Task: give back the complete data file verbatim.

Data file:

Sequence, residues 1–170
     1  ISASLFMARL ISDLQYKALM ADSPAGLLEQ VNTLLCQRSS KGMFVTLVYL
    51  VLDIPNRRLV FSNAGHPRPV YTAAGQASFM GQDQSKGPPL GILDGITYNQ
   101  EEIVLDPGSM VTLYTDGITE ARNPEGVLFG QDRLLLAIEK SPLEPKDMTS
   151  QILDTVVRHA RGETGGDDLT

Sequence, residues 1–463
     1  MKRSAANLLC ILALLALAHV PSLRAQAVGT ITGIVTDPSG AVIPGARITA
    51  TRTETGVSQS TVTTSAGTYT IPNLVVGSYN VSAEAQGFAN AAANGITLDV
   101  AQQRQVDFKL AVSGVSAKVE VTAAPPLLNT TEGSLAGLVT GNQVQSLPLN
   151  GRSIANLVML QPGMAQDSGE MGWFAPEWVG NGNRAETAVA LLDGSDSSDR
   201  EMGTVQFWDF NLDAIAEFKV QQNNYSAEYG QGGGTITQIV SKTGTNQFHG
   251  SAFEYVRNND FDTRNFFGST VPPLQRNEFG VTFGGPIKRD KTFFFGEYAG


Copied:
Sequence, residues 1–170
     1  ISASLFMARL ISDLQYKALM ADSPAGLLEQ VNTLLCQRSS KGMFVTLVYL
    51  VLDIPNRRLV FSNAGHPRPV YTAAGQASFM GQDQSKGPPL GILDGITYNQ
   101  EEIVLDPGSM VTLYTDGITE ARNPEGVLFG QDRLLLAIEK SPLEPKDMTS
   151  QILDTVVRHA RGETGGDDLT

Sequence, residues 1–463
     1  MKRSAANLLC ILALLALAHV PSLRAQAVGT ITGIVTDPSG AVIPGARITA
    51  TRTETGVSQS TVTTSAGTYT IPNLVVGSYN VSAEAQGFAN AAANGITLDV
   101  AQQRQVDFKL AVSGVSAKVE VTAAPPLLNT TEGSLAGLVT GNQVQSLPLN
   151  GRSIANLVML QPGMAQDSGE MGWFAPEWVG NGNRAETAVA LLDGSDSSDR
   201  EMGTVQFWDF NLDAIAEFKV QQNNYSAEYG QGGGTITQIV SKTGTNQFHG
   251  SAFEYVRNND FDTRNFFGST VPPLQRNEFG VTFGGPIKRD KTFFFGEYAG